Sankhipta- From Subjugation to Emancipation.

Samanta, Sugata. “From Subjugation to Emancipation: The Emergence of Unshackled Womanhood in ‘Rajmohan’s Wife’”, Research Journal of English Language and Literature (RJELAL).3.3. 2015. WEB.

This article focuses on the shift from subjugation to emancipation through the female protagonist. Novels exhibit great powers in exploring human minds while delineating their characters. “unlike most other novelists of his time, was quite successful in proving that his women characters are no less prominent than men and are indeed made of flesh and blood rather than faint and shadowy figures. The way women characters are drawn in his novels show a special insight of the author into women’s heart and authorial sympathy towards them” (1). Some of the features that his women characters qualify are complex and exciting.
As established earlier, the literary world was unaware of the fact that Bankim was the first to publish novel in English i.e. Rajmohan’s Wife, a lesser known novel of the time. It may not be considered as one of the finest novels but it reflects the contemporary society.
“There is also no way of denying that the novel portrays faithfully a truthful picture of the society within a limited perspective, which enables us to witness a transition from medievalism to modernity, particularly in depicting the struggle of young women in society” (2). Looking at the fact from subjugation to emancipation, the question claimed is determining the position of Matangini in the colonial space. Therefore, the novel is story of revolution, a silent revolt of a young women of eighteen. The silent revolution against the domestic violence makes the novel have its place in the literary space.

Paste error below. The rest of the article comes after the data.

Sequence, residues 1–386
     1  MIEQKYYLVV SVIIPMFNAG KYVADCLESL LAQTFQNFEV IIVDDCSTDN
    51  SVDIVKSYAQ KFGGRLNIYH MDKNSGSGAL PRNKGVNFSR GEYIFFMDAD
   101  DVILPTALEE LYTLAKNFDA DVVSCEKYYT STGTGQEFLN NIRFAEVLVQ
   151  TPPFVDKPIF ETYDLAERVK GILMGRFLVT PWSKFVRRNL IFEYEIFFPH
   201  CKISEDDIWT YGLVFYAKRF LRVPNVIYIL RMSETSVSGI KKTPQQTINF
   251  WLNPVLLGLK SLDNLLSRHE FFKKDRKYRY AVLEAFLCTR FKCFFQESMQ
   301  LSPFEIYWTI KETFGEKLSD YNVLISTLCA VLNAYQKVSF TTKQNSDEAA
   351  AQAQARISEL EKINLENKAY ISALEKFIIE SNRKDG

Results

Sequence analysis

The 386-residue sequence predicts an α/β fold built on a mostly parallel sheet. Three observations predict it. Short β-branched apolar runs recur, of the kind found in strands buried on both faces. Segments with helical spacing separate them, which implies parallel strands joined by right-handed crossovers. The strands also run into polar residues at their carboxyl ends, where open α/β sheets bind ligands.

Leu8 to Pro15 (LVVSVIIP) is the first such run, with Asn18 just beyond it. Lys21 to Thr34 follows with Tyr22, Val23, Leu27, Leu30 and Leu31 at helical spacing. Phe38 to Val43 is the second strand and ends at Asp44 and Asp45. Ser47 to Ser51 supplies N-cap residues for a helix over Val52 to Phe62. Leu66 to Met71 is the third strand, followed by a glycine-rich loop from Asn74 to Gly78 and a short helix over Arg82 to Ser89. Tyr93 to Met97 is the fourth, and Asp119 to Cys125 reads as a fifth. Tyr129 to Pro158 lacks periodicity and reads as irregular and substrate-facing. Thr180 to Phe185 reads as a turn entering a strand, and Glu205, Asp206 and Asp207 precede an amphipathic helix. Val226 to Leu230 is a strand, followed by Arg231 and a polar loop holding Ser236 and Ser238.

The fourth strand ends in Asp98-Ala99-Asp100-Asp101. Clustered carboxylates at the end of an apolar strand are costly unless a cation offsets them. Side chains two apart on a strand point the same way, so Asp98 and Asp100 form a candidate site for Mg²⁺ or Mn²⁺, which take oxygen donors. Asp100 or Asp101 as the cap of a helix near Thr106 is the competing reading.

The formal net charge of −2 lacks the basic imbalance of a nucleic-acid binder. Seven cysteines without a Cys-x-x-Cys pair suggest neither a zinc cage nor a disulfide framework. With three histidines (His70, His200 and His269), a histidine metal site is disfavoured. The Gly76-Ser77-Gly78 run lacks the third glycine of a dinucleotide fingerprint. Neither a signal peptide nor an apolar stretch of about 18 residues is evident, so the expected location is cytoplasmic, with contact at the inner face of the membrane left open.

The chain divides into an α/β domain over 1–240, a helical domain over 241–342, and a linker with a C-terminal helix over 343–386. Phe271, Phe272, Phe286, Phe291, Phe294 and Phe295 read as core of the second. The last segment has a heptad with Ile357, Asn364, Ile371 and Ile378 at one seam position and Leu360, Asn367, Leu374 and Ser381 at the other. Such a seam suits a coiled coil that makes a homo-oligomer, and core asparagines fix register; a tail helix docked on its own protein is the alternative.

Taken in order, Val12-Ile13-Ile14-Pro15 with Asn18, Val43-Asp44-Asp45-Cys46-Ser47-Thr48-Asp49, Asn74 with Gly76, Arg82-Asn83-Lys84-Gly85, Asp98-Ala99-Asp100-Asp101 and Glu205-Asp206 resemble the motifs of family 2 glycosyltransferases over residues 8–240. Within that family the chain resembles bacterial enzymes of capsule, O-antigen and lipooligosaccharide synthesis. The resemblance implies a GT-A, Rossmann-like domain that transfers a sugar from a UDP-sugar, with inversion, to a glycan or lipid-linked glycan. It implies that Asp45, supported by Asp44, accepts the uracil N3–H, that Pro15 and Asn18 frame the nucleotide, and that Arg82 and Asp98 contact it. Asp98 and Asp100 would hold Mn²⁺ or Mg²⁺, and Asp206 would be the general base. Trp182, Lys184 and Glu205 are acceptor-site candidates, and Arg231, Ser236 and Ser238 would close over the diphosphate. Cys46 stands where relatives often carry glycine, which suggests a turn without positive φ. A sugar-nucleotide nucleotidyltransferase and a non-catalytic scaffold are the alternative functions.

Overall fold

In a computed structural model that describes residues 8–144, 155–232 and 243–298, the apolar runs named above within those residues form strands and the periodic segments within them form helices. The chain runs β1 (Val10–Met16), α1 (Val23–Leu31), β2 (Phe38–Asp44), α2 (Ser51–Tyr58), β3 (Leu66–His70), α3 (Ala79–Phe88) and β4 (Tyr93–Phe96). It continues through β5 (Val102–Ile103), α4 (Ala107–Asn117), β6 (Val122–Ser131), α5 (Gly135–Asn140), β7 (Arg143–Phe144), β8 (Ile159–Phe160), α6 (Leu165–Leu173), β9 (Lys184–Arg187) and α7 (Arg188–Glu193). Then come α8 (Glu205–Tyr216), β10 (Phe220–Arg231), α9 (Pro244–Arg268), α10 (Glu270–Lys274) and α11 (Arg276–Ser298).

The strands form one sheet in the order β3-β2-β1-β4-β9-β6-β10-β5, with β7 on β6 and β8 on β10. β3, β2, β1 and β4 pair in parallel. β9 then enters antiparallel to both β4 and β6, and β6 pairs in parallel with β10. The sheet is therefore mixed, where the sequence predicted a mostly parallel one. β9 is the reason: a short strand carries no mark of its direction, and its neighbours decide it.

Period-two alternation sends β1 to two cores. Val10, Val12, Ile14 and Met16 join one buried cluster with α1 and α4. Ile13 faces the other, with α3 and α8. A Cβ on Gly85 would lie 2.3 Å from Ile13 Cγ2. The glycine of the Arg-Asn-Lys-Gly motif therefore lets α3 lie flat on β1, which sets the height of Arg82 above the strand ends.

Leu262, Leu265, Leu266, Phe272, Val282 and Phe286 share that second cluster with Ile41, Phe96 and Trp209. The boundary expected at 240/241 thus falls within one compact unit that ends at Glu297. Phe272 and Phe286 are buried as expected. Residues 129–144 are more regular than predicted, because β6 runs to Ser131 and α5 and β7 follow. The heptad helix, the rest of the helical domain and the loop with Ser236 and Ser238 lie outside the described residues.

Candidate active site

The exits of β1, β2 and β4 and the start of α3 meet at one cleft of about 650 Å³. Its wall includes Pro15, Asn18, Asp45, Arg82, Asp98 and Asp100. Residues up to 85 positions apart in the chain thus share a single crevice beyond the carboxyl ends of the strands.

“The novelist has portrayed Matangini with different colours and shades. Matangini oscillates in her deeds according to her conscience on one hand and in maintaining social norms as a marginalized woman on the other” (4). When Matangini is asked by her husband not to go out to fetch water is where we see the concept of subjugation but she retorts to this and goes out to fetch water showing emancipation. In return the fury of Rajmohan is seen on Matangini which she faces by being silent as said above.
“The novelist seems to preserve different narratives for Rajmohan’s wife and Matangini. From the title, it appears Rajmohan’s narrative is the prominent one and it is suggested that his wife is allowed no control over her own body as well as her sexuality”(5).
“The name ‘Matangini’ in the novel bears special connotation. From the derivative point of view, ‘Matangini’ is the name of goddess Kali and when she ventures to step out in the dark night to protect Madhab from the dacoits, she rises to superhuman heights of prowess and goes out to destroy the evil hands. She has now the power of an elephant (another meaning of ‘Matangini’) that may eventually crush everything which comes to her way in doing justice (Bangiya Sabdakosh). Like a delirious river, her immense inner strength is revealed in the language when she knocks the household of Madhab with the hope of informing him well before about the dacoity”(6).
In this novel the social orders become rigid while the protagonist changes it by her brevity.
“The symbolic significance of Matangini in this novel may be multifaceted, but it is also undeniable that the way the character of Matangini is portrayed definitely shows the motifs of feminine anguish and revolt. At the core of her character lies a rebel against accepted conventions. At first, she is portrayed as a stereotyped housewife of any Indian village ready to accept the patriarchal codes silently and uncritically”(9).


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